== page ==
A biology kit sold to children age 8 and older is under fire in Mexico after a customer alerted it included a dissected frog submerged in formaldehyde, known to be a human carcinogen.
The claim, first reported by Animal Politico, is being investigated by the Federal Commission for the Protection against Health Risks (Cofepris) but the product has not been formally recalled.
"We are recommending to refrain from purchasing this product," said Cofepris’ Álvaro Pérez Vega to the publication. “The intake of formaldehyde, the contact with the skin, or even the inhalation of the chemical’s gases may represent a risk of toxicity for children who come in contact with it,” he added.
The kit, called “Biologia Plus,” is manufactured by Algara SA de CV and reportedly has been in the market for 20 years.
In addition to the dead frog, it includes a scalpel, a plastic microscope and several other instruments, along with a "Biology Manual" that is also being criticized for being insensitive.
“The booklet does not guide the children in the task of dissecting the animal, just lists a series of instructions to cut the frog open and dismember it without any purpose and using inhuman language,” said Dr. Andrea Angulo, an specialist in social psychology consulted by Animal Politico.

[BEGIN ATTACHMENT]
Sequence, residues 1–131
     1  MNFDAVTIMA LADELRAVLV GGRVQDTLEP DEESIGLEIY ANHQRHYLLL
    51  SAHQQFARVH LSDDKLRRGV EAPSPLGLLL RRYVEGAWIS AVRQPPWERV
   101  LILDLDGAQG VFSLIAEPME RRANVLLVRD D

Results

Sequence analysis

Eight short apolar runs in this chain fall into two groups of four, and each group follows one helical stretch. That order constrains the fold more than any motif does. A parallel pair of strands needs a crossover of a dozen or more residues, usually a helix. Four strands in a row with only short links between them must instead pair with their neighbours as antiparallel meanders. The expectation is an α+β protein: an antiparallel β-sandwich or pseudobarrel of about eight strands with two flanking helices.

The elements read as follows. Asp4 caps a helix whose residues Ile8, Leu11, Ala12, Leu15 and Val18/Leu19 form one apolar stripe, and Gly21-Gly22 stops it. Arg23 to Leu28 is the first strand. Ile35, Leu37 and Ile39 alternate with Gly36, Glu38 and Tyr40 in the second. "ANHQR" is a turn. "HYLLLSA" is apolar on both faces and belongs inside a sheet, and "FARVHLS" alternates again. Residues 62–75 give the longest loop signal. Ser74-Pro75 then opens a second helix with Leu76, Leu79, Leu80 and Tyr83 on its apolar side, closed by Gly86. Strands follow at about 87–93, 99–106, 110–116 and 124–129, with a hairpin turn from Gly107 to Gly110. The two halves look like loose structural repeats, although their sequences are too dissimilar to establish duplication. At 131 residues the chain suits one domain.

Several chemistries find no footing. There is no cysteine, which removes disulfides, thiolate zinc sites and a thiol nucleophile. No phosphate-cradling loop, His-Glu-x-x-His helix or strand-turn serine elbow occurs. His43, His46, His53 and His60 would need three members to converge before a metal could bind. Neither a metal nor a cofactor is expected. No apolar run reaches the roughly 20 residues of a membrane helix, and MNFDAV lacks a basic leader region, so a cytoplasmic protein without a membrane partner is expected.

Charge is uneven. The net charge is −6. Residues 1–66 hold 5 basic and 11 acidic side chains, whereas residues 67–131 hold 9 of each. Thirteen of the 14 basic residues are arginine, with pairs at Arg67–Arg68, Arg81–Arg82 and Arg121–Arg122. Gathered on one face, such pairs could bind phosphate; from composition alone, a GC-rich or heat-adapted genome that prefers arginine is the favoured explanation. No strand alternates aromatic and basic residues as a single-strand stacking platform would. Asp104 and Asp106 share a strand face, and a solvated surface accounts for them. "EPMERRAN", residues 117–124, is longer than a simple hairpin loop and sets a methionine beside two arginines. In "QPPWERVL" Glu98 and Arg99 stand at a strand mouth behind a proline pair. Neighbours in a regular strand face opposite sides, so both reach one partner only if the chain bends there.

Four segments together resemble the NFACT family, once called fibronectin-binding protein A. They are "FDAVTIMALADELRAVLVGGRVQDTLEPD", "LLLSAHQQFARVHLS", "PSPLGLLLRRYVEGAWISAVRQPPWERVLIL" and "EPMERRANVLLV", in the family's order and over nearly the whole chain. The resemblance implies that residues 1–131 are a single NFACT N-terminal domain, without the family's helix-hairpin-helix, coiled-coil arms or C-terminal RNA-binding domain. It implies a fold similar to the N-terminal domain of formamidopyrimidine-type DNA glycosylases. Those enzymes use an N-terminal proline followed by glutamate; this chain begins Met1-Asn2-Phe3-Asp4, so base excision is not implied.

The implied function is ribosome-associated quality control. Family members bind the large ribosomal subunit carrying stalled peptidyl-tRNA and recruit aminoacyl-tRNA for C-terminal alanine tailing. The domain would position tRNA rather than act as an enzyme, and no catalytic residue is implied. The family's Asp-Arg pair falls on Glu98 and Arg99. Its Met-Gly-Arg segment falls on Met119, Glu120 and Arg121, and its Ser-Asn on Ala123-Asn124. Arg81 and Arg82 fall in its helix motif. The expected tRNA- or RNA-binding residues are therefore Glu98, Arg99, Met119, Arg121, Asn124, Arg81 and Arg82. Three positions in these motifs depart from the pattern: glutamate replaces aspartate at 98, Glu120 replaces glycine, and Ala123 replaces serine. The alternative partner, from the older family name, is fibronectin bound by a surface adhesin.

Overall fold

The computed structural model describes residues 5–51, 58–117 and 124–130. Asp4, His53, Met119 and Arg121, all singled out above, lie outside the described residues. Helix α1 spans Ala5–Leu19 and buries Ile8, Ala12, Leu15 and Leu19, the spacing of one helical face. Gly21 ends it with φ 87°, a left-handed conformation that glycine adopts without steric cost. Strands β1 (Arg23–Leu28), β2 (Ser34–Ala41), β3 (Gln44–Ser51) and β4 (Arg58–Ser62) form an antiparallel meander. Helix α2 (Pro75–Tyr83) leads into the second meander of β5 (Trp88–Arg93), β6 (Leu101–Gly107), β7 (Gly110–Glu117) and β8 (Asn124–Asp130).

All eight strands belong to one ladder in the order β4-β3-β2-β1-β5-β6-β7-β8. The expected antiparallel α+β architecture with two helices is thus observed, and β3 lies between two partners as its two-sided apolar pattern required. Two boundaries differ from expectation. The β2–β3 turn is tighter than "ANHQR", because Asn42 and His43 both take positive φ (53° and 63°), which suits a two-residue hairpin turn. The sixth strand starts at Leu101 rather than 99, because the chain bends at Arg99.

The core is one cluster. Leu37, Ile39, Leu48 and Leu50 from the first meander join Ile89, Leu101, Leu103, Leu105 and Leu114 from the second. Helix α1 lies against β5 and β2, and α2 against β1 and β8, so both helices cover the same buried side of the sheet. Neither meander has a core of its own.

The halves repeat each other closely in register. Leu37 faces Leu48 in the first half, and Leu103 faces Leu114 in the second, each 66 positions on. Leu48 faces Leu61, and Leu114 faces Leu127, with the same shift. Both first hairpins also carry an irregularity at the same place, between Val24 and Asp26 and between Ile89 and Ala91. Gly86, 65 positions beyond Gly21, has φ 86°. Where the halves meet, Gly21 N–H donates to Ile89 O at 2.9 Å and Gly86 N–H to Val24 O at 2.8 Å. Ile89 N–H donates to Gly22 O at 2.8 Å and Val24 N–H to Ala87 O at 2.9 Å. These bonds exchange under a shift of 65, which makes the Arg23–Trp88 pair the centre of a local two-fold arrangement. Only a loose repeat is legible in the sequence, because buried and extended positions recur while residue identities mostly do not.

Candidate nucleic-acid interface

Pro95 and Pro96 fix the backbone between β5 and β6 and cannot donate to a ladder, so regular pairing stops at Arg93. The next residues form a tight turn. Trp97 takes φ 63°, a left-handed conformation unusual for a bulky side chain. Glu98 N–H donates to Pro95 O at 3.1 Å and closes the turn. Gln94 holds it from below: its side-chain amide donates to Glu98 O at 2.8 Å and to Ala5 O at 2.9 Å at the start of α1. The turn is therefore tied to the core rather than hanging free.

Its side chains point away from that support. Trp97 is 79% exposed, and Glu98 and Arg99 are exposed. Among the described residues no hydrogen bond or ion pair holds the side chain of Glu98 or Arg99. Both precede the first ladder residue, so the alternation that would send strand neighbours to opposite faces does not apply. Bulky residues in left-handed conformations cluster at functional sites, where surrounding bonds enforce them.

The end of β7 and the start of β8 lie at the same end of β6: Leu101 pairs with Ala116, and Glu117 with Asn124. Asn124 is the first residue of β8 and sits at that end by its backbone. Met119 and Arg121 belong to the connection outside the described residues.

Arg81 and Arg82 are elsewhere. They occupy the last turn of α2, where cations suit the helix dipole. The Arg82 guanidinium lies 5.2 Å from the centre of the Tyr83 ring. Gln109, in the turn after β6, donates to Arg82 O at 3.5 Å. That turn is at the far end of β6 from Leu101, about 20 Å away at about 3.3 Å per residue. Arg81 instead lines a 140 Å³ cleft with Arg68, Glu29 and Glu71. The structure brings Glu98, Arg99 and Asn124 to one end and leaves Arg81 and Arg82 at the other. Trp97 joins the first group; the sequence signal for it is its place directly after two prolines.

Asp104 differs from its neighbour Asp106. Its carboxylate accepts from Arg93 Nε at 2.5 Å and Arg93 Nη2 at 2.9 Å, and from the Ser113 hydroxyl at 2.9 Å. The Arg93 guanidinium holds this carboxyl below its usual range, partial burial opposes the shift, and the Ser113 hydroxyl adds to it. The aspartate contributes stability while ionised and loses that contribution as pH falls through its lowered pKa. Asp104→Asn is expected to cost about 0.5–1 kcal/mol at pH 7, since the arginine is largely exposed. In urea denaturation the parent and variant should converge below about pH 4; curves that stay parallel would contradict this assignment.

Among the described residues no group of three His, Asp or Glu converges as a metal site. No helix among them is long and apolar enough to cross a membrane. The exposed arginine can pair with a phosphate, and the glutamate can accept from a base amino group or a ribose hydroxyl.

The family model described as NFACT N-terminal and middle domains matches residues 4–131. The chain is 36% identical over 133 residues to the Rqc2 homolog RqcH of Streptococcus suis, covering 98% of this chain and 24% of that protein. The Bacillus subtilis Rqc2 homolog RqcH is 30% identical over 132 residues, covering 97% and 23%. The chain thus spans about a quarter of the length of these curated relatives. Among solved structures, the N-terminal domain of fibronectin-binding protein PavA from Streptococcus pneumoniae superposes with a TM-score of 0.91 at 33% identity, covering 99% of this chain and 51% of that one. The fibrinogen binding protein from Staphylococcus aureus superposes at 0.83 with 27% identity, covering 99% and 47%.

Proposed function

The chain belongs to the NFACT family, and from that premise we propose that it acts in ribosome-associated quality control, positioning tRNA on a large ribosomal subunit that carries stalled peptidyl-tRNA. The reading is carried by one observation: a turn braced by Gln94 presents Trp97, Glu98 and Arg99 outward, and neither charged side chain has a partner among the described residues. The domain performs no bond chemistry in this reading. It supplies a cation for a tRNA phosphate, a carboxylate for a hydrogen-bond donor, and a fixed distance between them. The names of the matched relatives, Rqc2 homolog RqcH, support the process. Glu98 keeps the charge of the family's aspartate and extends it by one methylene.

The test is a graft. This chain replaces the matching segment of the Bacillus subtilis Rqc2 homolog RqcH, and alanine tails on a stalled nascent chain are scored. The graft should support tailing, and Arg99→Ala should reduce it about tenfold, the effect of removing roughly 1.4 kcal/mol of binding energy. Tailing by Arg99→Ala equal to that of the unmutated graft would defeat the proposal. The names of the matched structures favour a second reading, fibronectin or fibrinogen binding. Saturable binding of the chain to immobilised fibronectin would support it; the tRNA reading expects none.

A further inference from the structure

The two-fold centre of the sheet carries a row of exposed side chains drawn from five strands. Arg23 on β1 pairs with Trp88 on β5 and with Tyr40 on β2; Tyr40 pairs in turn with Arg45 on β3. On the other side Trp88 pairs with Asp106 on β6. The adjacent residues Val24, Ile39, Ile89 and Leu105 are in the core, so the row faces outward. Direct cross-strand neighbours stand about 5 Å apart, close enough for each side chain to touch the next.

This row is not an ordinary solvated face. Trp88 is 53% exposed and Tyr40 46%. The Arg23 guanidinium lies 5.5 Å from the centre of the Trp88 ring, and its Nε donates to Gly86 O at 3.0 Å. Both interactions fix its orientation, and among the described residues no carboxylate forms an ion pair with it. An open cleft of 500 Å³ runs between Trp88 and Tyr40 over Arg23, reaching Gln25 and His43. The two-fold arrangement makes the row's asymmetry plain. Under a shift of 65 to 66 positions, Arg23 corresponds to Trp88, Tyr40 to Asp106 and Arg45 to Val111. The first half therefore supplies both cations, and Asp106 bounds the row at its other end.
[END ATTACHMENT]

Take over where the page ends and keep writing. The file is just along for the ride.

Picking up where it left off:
Among the instructions, for example: "Open the mouth of your specimen as wide as you can. If necessary, cut both sides of the jaw slightly so that the mouth can remain open." And then: “Place the animal in the dissection container, belly up and with the head away from you, and nail it into the paraffin using a pin through each end, and one through the tip of the jaw."
Dr. Angulo said the toy is dangerous because what children play with has implications in adulthood. “Today you see the frog as an object, tomorrow it can be a dog and later your neighbor,” she said.
A video in YouTube shows three kids dissecting a frog using the controversial kit. After quickly dismissing the booklet as “boring,” they joyfully start dismembering the animal with their bare hands.
"Today we learned something interesting: How to kill something,” one of the girls in the video says.